Furthermore, to determine whether the immune response to recombinant A121–85 reduces the organism burden in immunosuppressed mice, we used GMS staining to count the number of sporangia in mouse lung imprints. The results showed that, under a microscope at 400 × magnification, the lung imprint of group A mice had a small amount of pneumocystis. Meanwhile, the pneumocystis aggregated into clusters was observed in the lung imprint of the control groups, with the number significantly higher than that of group A (Fig. 4B) (Table 1. Mean number of cysts in mice lung imprint.).
The main targets of Pneumocystis carinii are patients with immune deficiencies such as AIDS, and long-term immunosuppressed patients [17, 18], that eventually developed pneumocystis pneumonia (PcP). There are drugs and treatments for PcP, but adverse side effects, poor compliance, and recurrent infections remain a problem. Hence, new treatments to prevent and treat PCP deserve further research.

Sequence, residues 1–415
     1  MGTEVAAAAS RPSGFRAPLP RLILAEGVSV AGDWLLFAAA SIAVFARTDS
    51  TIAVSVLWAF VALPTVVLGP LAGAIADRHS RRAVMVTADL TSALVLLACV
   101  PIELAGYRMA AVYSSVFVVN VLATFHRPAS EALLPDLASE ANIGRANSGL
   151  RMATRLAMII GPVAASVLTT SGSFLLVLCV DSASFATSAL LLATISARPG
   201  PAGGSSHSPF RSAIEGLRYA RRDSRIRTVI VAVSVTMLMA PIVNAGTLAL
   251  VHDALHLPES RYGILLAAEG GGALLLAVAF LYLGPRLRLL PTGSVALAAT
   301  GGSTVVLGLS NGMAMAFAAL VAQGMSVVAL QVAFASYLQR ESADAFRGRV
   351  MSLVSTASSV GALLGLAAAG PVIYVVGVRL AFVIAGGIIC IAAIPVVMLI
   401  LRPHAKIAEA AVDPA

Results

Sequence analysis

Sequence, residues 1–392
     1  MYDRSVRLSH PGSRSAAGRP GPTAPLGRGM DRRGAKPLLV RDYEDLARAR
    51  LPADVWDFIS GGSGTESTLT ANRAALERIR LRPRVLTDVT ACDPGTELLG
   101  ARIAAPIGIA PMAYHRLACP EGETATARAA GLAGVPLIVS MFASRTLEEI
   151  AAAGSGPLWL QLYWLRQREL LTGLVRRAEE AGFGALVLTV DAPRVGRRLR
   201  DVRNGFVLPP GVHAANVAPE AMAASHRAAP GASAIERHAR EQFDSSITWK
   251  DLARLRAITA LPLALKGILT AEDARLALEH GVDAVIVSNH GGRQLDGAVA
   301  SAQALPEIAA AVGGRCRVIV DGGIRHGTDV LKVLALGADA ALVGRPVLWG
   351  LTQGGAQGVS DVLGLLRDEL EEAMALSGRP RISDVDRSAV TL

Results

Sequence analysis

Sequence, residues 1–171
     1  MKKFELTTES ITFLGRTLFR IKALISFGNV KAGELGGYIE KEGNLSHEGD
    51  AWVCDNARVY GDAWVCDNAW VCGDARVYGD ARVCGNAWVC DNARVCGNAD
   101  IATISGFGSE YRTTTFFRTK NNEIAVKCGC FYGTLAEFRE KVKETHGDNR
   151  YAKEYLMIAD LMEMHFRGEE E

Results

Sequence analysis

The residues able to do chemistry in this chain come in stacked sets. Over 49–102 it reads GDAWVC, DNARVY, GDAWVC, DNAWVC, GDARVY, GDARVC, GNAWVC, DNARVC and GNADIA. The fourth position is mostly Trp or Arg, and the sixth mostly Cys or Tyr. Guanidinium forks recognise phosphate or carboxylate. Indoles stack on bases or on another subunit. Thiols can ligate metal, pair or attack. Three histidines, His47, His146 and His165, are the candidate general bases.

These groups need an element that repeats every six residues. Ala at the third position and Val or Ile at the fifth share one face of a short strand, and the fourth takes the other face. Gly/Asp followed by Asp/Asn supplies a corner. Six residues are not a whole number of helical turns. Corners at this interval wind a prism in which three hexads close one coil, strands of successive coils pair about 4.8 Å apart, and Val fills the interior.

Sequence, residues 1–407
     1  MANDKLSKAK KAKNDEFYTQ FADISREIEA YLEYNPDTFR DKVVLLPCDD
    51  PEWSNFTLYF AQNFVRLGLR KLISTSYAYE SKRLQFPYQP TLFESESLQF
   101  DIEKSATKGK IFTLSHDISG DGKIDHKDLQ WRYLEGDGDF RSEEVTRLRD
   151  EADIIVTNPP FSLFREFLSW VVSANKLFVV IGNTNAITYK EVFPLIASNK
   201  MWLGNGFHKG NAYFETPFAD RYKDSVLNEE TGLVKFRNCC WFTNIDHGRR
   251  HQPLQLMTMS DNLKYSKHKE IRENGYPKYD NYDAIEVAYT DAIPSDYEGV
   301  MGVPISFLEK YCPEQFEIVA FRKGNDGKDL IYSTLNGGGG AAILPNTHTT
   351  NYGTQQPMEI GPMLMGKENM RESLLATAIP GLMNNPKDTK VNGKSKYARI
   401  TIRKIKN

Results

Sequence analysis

The increasing occurrence of systemic fungal infections in humans has increased the emphasis on the production of fungal vaccines and the use of monoclonal antibodies . Datta et al. reported that passive antibody transference could produce protective mAbs against specific pathogens, providing protection from infection in the absence of immunologic function . De Almeida and his colleagues found that the use of an mAb against a 70-KDa glycoprotein could therapy infection with S. schenckii and S. brasiliensis in mice . These studies indicated that the use of vaccines and mAb to prevent and treat fungal infections deserves further research.